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Permian impostor: Homeless in Odessa? - Odessa American: News

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2010 NATIONAL SPOTLIGHT Permian impostor: Homeless in Odessa?

Montimere, a registered sex offender, whereabouts unknown

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Terlingua Avenue and Snyder Street Odessa TX

Posted: Wednesday, February 4, 2015 8:27 pm

The Permian High basketball impostor, who became national news in 2010, spent the last two months as a transient living at the end of Terlingua Avenue and Snyder Street in Odessa.

Guerdwich Montimere, a registered sex offender, got on a bus Wednesday and went to live with family in Austin, an Odessa Police Department detective said. However, it was never confirmed that he left Odessa on a bus.

Montimere, who Permian boys’ basketball fans know better as Jerry Joseph, fooled the community into thinking he was a 15-year-old Haitian orphan. He enrolled in 2009 at Nimitz Junior High and played basketball the following year at Permian High before being discovered as a 22-year-old man who had graduated from Fort Lauderdale’s Dillard High School several years earlier.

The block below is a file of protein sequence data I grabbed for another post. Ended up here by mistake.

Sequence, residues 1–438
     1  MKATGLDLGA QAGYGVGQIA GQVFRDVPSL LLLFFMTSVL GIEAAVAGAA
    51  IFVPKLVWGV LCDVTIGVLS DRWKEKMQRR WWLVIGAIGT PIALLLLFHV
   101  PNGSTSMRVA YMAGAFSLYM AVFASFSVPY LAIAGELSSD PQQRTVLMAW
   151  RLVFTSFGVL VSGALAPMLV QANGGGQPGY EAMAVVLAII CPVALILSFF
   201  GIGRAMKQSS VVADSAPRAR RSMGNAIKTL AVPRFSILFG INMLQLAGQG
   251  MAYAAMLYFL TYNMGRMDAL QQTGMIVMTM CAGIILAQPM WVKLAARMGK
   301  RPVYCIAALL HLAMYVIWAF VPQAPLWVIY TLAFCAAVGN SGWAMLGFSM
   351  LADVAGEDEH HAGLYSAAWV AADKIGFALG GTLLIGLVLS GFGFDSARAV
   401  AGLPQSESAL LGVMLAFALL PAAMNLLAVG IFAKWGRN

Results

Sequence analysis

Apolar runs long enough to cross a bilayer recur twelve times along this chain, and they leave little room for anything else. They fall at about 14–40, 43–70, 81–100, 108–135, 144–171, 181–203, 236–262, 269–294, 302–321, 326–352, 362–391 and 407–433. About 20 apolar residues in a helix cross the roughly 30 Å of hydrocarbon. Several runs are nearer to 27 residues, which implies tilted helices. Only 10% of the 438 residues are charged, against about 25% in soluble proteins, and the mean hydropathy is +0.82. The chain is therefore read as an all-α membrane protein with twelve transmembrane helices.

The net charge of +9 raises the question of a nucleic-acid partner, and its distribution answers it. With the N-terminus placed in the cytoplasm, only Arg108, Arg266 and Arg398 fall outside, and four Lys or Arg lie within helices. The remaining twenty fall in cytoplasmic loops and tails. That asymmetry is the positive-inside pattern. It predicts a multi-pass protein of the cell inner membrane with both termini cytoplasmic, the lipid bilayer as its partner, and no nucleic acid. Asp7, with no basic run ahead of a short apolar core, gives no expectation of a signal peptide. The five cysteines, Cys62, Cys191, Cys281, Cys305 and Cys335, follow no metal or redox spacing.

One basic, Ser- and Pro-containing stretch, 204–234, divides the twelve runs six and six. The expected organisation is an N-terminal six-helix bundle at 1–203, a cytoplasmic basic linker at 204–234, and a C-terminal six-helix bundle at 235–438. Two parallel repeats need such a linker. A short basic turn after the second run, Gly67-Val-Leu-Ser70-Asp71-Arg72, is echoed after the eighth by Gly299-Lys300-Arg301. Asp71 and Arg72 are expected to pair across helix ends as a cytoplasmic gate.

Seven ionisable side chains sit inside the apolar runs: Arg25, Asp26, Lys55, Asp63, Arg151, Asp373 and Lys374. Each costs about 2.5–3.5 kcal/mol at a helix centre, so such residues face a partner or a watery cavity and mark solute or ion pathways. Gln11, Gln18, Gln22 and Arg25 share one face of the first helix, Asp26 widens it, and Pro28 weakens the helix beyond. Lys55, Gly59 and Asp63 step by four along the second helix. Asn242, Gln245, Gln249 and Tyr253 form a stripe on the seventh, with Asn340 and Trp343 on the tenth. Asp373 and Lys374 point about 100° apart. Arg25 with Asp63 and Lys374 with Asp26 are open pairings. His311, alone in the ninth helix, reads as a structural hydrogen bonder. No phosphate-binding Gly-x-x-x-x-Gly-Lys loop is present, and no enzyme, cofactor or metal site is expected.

He was found out after going to an out-of-town, offseason basketball tournament and being seen by former teammates. Former coaches and teammates contacted both Permian High School and the Odessa American to report he was not who he claimed to be.

Law enforcement and Ector County ISD officials investigated, and at one point his immigration status was questioned by federal authorities. Some friends in Odessa defended him, even after discovering that he had another set of identification documents outing him as Montimere.

He was initially charged with tampering with government records in connection with the admission documents he submitted to ECISD, but eventually was also found guilty of having sex with a 15-year-old girl, who believed him to be 16-year-old Jerry Joseph.

Montimere pleaded guilty July 27, 2011, to two counts of sexual assault of a child and three counts of tampering with government records. He was sentenced to three years in prison, but served two before being released and moving to Kyle.